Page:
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5 Tips on How to Negotiate a Car Loan

By Mark Riddix

You have finally settled on buying an automobile. You have found the exact make, model, and color that you want. Now comes the most difficult part: signing the papers. If you don’t have your financing in place before visiting the dealership, then you will have to apply for dealer financing. The salesman and finance manager will try to sell you everything from extended warranties to floor mats. You will have to be prepared for the never-ending sales pitch that is about to come. In this post, I am going to delve into how to negotiate a car loan, which is one of the key areas you need to master when trying to take advantage of our 5 tips on how to buy a new or used car from a dealer.

Here are 5 great tips to help you negotiate the best deal:

1. Always negotiate the price.

This may sound simple enough but it can actually be difficult. One trick that is often used by car salesmen is to get you negotiating payments. You will be asked questions like: “How much are you looking to pay per month?” or “What do you want your payment to be?” Car salesmen love to negotiate payments as opposed to the actual price of the car. That’s because they want to set the price based on the maximum monthly payment that you are willing to pay. If you fall for this tactic, you will end up paying a whole lot more for your car. Negotiate the price, not car payments!

2. Keep your loan term as short as possible.

Dealers have come up with creative financing programs that will allow borrowers to lower their monthly payments. They do this by lengthening the number of years on the auto loan. Today, borrowers are allowed to finance a car for up to 7 years. This is absolutely ludicrous! A car is a depreciating asset and is losing value every year. The best loan term is 4 years or less. The maximum is 5 years. Under no circumstances should you ever take a car loan over 60 months or you could very well find yourself with an upside down car loan.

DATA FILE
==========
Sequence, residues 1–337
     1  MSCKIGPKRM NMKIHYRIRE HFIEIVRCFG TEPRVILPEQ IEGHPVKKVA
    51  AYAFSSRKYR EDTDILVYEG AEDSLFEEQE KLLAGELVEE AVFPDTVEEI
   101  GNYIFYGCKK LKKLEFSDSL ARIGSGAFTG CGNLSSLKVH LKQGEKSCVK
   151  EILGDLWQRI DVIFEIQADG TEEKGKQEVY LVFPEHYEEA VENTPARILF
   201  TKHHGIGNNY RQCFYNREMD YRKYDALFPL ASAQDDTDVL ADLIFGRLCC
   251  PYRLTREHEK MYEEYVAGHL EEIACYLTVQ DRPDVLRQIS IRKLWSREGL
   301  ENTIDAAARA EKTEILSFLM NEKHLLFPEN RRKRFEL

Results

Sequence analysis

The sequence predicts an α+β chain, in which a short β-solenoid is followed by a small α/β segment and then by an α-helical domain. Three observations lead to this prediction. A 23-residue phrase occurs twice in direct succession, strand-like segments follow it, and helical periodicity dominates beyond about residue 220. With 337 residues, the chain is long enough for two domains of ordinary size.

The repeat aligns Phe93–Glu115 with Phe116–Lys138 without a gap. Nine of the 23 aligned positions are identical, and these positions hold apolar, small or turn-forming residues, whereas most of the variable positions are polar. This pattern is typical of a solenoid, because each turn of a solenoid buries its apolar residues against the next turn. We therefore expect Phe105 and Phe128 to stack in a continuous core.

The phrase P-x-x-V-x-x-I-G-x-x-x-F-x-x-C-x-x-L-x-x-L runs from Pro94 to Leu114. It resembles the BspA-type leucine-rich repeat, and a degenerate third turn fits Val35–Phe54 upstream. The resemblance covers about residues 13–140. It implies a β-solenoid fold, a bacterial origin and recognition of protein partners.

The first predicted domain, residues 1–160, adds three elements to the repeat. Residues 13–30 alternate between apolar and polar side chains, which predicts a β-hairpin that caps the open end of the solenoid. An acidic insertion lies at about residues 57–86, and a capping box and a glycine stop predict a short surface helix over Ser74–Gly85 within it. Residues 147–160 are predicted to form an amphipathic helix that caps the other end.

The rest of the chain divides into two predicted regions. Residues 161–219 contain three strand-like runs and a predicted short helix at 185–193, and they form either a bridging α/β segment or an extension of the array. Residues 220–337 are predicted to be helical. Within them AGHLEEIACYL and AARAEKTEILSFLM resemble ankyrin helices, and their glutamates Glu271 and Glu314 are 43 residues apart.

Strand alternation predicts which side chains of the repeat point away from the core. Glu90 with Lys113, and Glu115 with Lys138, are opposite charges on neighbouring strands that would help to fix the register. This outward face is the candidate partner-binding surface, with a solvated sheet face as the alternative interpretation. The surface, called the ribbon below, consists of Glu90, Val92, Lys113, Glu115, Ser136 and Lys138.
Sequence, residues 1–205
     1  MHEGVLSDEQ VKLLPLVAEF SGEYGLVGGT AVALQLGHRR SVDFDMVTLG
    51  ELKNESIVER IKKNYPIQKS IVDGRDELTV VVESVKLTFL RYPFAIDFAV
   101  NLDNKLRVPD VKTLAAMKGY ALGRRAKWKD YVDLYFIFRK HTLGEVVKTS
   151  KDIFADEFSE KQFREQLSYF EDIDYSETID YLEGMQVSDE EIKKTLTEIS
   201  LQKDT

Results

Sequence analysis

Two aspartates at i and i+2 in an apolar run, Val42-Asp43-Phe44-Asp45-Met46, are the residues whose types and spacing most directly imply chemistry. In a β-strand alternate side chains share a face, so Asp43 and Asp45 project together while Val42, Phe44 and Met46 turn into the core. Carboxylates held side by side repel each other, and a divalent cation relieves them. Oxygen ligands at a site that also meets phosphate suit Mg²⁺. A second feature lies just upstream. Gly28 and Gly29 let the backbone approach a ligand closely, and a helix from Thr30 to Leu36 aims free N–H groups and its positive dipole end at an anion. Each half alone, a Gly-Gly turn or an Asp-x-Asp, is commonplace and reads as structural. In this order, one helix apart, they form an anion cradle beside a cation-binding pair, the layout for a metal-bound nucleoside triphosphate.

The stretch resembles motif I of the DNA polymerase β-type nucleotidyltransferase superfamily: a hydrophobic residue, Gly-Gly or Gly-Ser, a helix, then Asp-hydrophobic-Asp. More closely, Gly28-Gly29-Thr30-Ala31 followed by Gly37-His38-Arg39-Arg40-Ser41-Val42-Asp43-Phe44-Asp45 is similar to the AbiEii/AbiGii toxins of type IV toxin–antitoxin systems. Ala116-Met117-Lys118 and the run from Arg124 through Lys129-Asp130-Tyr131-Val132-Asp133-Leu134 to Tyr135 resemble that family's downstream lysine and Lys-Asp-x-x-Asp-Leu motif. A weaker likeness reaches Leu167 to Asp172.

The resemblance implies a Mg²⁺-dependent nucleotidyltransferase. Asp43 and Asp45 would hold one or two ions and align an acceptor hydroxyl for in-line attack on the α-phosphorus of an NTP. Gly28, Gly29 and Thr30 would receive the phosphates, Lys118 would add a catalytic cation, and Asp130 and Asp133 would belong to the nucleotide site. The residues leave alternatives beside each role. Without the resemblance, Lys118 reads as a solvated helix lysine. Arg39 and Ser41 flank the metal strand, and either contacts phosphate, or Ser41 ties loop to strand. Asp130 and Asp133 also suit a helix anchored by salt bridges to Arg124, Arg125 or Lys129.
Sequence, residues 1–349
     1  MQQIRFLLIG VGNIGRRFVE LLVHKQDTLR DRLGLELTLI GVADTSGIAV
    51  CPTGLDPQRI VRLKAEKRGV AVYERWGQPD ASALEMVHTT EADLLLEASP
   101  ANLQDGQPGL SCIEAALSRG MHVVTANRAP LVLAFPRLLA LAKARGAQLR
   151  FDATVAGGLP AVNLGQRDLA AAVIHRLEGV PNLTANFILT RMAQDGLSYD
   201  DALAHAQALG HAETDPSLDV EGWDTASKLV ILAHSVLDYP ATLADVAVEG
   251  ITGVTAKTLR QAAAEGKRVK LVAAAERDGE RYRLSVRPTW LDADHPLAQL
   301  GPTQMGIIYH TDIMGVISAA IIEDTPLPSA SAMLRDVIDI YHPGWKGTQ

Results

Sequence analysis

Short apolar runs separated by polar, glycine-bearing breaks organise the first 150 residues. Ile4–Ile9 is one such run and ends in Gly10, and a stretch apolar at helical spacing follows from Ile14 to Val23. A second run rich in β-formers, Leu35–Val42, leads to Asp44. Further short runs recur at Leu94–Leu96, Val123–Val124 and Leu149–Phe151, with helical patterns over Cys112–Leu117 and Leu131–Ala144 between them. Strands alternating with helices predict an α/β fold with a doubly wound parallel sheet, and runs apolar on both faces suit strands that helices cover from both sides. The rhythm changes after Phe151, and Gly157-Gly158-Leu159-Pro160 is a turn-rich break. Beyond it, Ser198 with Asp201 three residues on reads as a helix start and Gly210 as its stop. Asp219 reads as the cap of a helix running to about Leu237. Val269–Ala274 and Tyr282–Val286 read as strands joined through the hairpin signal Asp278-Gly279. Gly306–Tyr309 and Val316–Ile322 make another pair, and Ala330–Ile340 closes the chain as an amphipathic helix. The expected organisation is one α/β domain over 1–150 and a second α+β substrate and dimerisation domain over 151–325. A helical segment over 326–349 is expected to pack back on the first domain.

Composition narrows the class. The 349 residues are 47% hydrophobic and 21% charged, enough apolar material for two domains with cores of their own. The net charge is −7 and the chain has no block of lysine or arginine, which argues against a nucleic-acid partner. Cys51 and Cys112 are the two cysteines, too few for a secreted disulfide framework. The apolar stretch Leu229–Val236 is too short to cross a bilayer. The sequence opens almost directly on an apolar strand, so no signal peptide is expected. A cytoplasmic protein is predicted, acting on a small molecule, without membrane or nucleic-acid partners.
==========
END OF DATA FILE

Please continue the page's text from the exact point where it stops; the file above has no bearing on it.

3. Skip all of the extras.

Finance managers will try to get you to buy every option available. They will sell you gap insurance, rustproofing, fabric protection, extended warranties, paint protection, and car alarms. Many of these are useful items but the dealer markup is ridiculous. They make huge profits by ripping customers off on these products. You can get extended warranties and car alarms cheaper aftermarket. Rustproofing is not essential for modern cars. You can apply Scotchgard and paint protection yourself for a few bucks. Gap insurance is sold at most credit unions for a much lower price.

4. Say no to high interest loans.

Your credit rating will determine the interest rate that you get. Just because your credit is not tip-top does not mean that you have to take a loan with a ridiculously high interest rate. Individuals with good credit will get loans with single digit APRs. Individuals with average credit may get loans at 10% to 12%. Individuals with bad credit will be offered loans at 15% or higher. Many people with bad credit accept loans with interest rates as high as 24%. Never take a loan with exorbitant interest rates. No matter what your credit situation, it is never worth paying usurious interest rates just for the right to own a car.

5. Keep emotions out of your decision.

Buying a car can be an incredibly emotional decision. After you have gone out for a test drive and gotten a whiff of that new car smell, it can be difficult to leave. If the dealership is unwilling to negotiate, you should be prepared to walk away. Remember that they are not doing you a favor by selling you a car. You are paying money for this automobile. Don’t allow your feelings to get you stuck in a bad car loan that you will regret for years to come.

Do you have any horror stories from when you negotiated your auto loan? Any additional tips you have for negotiating a car loan?

(Photo credit: markhillary)

Mark Riddix
Mark Riddix is the founder and president of an independent investment advisory firm that provides personalized investing and asset management consulting. Mark has written financial columns for Baltimore and Washington, D.C. area newspapers and is the author of the book, Your Financial Playbook.

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Comments

  • http://www.cirugiaestetica-blog.com/ Mimon cirugia estetica

    Very interesting and thoughtful! Good report!

  • Halnini

    This was very helpful!#ThankYou

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